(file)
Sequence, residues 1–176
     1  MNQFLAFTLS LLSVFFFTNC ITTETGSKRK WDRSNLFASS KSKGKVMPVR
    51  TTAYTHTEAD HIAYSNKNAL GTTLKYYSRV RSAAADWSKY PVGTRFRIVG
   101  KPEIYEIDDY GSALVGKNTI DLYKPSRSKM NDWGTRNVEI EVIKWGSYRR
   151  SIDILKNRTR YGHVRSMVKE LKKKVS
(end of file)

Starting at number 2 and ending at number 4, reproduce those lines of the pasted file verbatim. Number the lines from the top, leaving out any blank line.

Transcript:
     1  MNQFLAFTLS LLSVFFFTNC ITTETGSKRK WDRSNLFASS KSKGKVMPVR
    51  TTAYTHTEAD HIAYSNKNAL GTTLKYYSRV RSAAADWSKY PVGTRFRIVG
   101  KPEIYEIDDY GSALVGKNTI DLYKPSRSKM NDWGTRNVEI EVIKWGSYRR